Don't forget the revenue cycle in your ICD-10 planning

by Healthcare IT News


While estimating the cost of an ICD-10 transition may be scary, medical practices should perhaps be more worried about what could happen to revenue. Oct. 1, 2014 could be the start of longer accounts receivable periods and more denials.

The good news is that healthcare providers can take steps to manage these factors, according to John Britt, RN, Director, and Deb McReavy, RN, Director, Kforce Healthcare Solutions.

Healthcare providers can start by looking at how many days patient accounts are in A/R. Maybe the current cycle is fine. But if a few days are cut from A/R now, that creates some breathing room that will be appreciated after Oct. 1.

Another timing issue arises with the discharged not final billed (DNFB) rate. Again, what's normal now might add unnecessary delays to reimbursements. So improved billing efficiencies could give healthcare providers some control over cash flow.

Then it's time to look at denials. If healthcare providers can improve their denial rates — even the lowest rates — then that's extra cash coming in before Oct. 1 that can be added to the contingency fund.

If nothing else, healthcare providers need to measure financial performance so they can tell if cash flow isn't normal after Oct. 1. More specifically, they will want to know what's contributing to financial problems. That can't happen if they don't know what's normal.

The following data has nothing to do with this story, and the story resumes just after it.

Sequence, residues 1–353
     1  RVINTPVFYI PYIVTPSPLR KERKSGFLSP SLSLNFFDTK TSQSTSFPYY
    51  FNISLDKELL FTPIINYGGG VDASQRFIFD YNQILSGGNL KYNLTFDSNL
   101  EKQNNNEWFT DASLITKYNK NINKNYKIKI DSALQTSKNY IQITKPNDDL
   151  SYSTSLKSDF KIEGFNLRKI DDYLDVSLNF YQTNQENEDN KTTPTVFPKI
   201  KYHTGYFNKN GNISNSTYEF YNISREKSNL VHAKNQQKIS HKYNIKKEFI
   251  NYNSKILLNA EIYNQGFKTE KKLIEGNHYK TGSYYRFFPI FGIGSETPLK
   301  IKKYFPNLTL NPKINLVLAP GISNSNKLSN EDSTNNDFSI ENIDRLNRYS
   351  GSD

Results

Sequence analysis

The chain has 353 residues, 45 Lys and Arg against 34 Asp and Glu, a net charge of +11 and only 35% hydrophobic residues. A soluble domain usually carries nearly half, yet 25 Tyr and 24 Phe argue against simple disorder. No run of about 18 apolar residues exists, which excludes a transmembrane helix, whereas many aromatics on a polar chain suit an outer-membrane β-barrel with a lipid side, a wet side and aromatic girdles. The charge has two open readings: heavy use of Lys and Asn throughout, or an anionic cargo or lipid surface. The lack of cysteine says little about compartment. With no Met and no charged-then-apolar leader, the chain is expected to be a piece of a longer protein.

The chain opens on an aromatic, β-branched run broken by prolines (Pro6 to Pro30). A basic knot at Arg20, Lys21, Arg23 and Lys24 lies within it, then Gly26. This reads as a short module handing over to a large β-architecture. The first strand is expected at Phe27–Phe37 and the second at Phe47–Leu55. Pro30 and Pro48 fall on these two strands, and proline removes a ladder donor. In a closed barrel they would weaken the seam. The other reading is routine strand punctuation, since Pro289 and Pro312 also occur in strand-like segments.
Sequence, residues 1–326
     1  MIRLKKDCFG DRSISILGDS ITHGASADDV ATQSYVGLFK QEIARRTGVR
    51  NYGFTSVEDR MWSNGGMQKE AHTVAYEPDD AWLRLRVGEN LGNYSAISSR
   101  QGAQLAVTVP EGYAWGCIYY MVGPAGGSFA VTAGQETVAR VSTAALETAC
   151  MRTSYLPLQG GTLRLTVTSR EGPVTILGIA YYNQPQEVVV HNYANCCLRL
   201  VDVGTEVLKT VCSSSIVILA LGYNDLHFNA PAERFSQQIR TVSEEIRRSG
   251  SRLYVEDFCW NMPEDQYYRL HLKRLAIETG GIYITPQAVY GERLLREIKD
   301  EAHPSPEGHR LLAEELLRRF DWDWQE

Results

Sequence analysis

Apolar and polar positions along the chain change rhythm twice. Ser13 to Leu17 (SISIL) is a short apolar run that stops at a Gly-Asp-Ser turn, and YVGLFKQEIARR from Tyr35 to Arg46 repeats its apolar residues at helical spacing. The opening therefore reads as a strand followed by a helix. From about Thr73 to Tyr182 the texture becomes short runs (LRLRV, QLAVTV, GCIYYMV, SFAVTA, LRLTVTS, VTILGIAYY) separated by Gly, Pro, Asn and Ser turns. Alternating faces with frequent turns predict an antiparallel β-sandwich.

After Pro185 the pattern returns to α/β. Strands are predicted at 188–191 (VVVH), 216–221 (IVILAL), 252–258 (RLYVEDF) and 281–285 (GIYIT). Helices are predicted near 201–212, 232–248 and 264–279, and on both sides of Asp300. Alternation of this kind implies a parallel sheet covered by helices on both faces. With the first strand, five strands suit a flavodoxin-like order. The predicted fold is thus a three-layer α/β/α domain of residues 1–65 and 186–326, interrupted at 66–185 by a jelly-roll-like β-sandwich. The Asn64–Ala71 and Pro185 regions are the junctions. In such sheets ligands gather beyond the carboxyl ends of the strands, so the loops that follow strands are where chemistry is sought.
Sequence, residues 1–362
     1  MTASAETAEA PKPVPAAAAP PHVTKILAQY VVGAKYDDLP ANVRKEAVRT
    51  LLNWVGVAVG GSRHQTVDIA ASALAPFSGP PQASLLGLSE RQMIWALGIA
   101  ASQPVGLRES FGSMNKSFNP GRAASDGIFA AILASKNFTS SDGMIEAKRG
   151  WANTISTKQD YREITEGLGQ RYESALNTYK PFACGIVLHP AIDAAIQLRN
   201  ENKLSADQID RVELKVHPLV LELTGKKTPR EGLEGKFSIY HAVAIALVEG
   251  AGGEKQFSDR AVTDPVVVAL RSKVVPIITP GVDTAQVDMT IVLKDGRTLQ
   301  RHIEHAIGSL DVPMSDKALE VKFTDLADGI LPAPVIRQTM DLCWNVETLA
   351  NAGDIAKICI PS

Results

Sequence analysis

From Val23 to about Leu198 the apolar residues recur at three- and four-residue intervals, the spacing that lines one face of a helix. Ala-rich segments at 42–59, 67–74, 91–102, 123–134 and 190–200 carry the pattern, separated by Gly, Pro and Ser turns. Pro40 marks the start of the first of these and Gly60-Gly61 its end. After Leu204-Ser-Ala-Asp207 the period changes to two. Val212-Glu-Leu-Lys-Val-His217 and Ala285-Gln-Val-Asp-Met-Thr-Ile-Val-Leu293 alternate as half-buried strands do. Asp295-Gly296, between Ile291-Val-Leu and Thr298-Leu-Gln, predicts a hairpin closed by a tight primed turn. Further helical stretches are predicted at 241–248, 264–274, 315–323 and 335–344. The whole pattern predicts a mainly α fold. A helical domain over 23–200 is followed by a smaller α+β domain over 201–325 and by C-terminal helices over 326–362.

And the Affordable Care Act (ACA) will change the definition of normal. While the healthcare exchanges (HIX) and their health plans are attracting attention now, the ACA is going to turn to cost savings to make healthcare more affordable.

"Healthcare reform relies heavily on data and on ICD-10 to incentivize providers to lower their costs," according to Albert Oriol, chief information officer at Rady Children's Hospital San Diego. Healthcare payers will be using ICD-10 data to justify paying providers less.

Even if they don't, physicians worry that healthcare payers will have very different fee structures. So even if that ICD-9 code that triggered a $1,000 reimbursement maps perfectly to an ICD-10 code, that might not trigger a $1,000 reimbursement.

Erik Newlin, co-chairman of the ICD-10 Transition Workgroup at WEDI and Director of National Standards Consulting at Xerox, tells EHR Intelligence that he doesn't see any sign of healthcare payers cracking down on providers. "I really think this is something that will help us gradually move forward towards more appropriate payment for the work that’s being done."

But what's going to be considered "appropriate?"